Sellers also have to prove that exports will be terminated if U.S. supplies are seriously threatened.
     
    “I am skeptical that it was a swap because tests for such exports are very complicated,” Kassinger said, referring to sellers' onus to prove that they can't sell the oil at a profit within the country.
     
    “But the time will not be very far when it will not be commercially viable to market the crude in the country,” he said.

    You May Like

    UN Observes International Day of Peacekeepers

    The U.N. honors 3,400 peacekeepers killed since first mission in 1948

    Video Rolling Thunder Tribute to US Military Turns into a Trump Rally

    Half-million motorcycles are expected to rumble Sunday afternoon from Pentagon to Vietnam War Memorial for rally in event group calls Ride for Freedom

    The Struggle With Painkillers: Treating Pain Without Feeding Addiction

    'Wonder drug' pain medications have turned out to be major problem: not only do they run high risk of addicting the user, but they can actually make patients' chronic pain worse, US CDC says

    Featured Videos

    Your JavaScript is turned off or you have an old version of Adobe's Flash Player. Get the latest Flash player.
    Chinese-Americans Heart Trump, Bucking National Trendi
    X
    May 27, 2016 5:57 AM
    A new study conducted by three Asian-American organizations shows there are three times as many Democrats as there are Republicans among Asian-American voters, and they favor Hillary Clinton over Donald Trump. But one group, called Chinese-Americans For Trump, is going against the tide and strongly supports the business tycoon. VOA’s Elizabeth Lee caught up with them at a Trump rally and reports from Anaheim, California.
    Video

    Video Chinese-Americans Heart Trump, Bucking National Trend

    A new study conducted by three Asian-American organizations shows there are three times as many Democrats as there are Republicans among Asian-American voters, and they favor Hillary Clinton over Donald Trump. But one group, called Chinese-Americans For Trump, is going against the tide and strongly supports the business tycoon. VOA’s Elizabeth Lee caught up with them at a Trump rally and reports from Anaheim, California.
    Video

    Video Reactions to Trump's Success Polarized Abroad

    What seemed impossible less than a year ago is now almost a certainty. New York real estate mogul Donald Trump has won the number of delegates needed to secure the Republican presidential nomination. The prospect has sparked as much controversy abroad as it has in the United States. Zlatica Hoke has more.
    Video

    Video Drawings by Children in Hiroshima Show Hope and Peace

    On Friday, President Barack Obama will visit Hiroshima, Japan, the first American president to do so while in office. In August 1945, the United States dropped an atomic bomb on the city to force Japan's surrender in World War II. Although their city lay in ruins, some Hiroshima schoolchildren drew pictures of hope and peace. The former students and their drawings are now part of a documentary called “Pictures from a Hiroshima Schoolyard.” VOA's Deborah Block has the story.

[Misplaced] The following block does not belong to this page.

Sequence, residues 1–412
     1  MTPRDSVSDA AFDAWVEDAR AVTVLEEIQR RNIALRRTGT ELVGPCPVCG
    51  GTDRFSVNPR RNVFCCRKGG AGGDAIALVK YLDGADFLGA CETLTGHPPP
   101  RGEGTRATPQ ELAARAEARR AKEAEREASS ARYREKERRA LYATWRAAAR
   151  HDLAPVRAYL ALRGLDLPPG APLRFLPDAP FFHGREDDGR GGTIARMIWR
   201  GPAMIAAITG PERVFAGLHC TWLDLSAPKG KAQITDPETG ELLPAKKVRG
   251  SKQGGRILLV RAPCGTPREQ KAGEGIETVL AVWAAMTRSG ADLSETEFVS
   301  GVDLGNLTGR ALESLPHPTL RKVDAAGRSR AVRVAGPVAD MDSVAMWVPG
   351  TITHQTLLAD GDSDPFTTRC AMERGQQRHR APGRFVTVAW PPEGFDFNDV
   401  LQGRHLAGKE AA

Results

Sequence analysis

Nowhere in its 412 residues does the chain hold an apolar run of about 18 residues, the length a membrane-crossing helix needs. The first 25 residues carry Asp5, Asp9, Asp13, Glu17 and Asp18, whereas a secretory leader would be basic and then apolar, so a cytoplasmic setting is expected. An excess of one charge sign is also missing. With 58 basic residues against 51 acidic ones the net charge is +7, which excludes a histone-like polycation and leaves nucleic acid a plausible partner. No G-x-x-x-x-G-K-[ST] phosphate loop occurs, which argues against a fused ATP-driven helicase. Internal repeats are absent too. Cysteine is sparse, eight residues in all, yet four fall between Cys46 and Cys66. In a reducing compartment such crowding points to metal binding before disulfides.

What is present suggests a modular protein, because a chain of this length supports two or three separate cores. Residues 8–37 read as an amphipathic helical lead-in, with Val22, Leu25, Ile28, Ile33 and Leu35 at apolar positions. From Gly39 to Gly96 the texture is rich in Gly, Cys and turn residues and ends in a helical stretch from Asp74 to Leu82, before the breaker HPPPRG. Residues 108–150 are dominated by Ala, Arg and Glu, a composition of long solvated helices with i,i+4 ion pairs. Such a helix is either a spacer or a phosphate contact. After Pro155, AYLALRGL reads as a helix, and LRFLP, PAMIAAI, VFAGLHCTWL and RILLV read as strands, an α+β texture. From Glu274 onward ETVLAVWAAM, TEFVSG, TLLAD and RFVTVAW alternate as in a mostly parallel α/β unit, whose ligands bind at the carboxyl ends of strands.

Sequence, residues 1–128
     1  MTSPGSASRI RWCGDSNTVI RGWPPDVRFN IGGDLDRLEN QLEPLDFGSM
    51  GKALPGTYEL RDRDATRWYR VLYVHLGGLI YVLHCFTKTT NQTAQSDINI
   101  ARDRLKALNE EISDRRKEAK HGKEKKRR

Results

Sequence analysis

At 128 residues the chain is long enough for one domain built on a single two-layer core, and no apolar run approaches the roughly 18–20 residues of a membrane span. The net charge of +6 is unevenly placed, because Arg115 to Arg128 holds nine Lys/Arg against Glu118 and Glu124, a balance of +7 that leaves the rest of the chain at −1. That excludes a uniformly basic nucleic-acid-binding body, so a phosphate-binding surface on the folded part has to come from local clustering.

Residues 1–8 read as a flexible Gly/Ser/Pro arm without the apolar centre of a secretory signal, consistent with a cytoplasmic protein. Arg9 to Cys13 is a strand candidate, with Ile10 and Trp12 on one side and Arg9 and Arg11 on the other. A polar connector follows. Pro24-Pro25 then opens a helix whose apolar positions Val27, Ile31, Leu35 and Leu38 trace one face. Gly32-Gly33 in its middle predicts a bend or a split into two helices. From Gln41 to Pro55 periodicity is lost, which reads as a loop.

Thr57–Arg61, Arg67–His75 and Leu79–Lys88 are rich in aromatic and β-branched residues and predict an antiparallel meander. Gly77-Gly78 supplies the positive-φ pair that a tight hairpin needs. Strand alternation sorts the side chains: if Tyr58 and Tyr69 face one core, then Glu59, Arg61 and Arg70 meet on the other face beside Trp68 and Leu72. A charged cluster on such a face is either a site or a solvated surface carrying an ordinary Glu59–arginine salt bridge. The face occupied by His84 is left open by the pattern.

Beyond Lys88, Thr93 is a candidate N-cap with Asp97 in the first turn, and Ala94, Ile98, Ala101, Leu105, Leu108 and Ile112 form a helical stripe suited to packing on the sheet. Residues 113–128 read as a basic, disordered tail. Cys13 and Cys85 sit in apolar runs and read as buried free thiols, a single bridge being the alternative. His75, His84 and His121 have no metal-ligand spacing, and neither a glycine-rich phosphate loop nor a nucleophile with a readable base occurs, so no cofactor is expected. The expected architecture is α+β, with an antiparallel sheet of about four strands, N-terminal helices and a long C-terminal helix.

Video

    Video Vietnamese Rapper Performs for Obama

    A prominent young Vietnamese artist told President Obama said she faced roadblocks as a woman rapper, and asked the president about government support for the arts. He asked her to rap, and he even offered to provide a base beat for her. Watch what happened.
    Video

    Video Roots Run Deep for Tunisia's Dwindling Jewish Community

    This week, hundreds of Jewish pilgrims are defying terrorist threats to celebrate an ancient religious festival on the Tunisian island of Djerba. The festivities cast a spotlight on North Africa's once-vibrant Jewish population that has all but died out in recent decades. Despite rising threats of militant Islam and the country's battered economy, one of the Arab world's last Jewish communities is staying put and nurturing a new generation. VOA’s Lisa Bryant reports.
    Video

    Video Meet Your New Co-Worker: The Robot

    Increasing numbers of robots are joining the workforce, as companies scale back and more processes become automated. The latest robots are flexible and collaborative, built to work alongside humans as opposed to replacing them. VOA’s Tina Trinh looks at the next generation of automated employees helping out their human colleagues.
    Video

    Video Wheelchair Technology in Tune With Times

    Technologies for the disabled, including wheelchair technology, are advancing just as quickly as everything else in the digital age. Two new advances in wheelchairs offer improved control and a more comfortable fit. VOA's George Putic reports.
    Video

    Video Baby Boxes Offer Safe Haven for Unwanted Children

    No one knows exactly how many babies are abandoned worldwide each year. The statistic is a difficult one to determine because it is illegal in most places. Therefore unwanted babies are often hidden and left to die. But as Erika Celeste reports from Woodburn, Indiana, a new program hopes to make surrendering infants safer for everyone.
    Video

    Video California Celebration Showcases Local Wines, Balloons

    Communities in the U.S. often hold festivals to show what makes them special. In California, for example, farmers near Fresno celebrate their figs and those around Gilmore showcase their garlic. Mike O'Sullivan reports that the wine-producing region of Temecula offers local vintages in an annual festival where rides on hot-air balloons add to the excitement.
    Video

    Video US Elementary School Offers Living Science Lessons

    Zero is not a good score on a test at school. But Discovery Elementary is proud of its “net zero” rating. Net zero describes a building in which the amount of energy provided by on-site renewable sources equals the amount of energy the building uses. As Faiza Elmasry tells us, the innovative features in the building turn the school into a teaching tool, where kids can't help but learn about science and sustainability. Faith Lapidus narrates.

    Special Report

    Adrift The Invisible African Diaspora

    World Currencies

    EUR
    USD
    0.8954
    JPY
    USD
    109.65
    GBP
    USD
    0.6827
    CAD
    USD
    1.3037
    INR
    USD
    67.037

    Rates may not be current.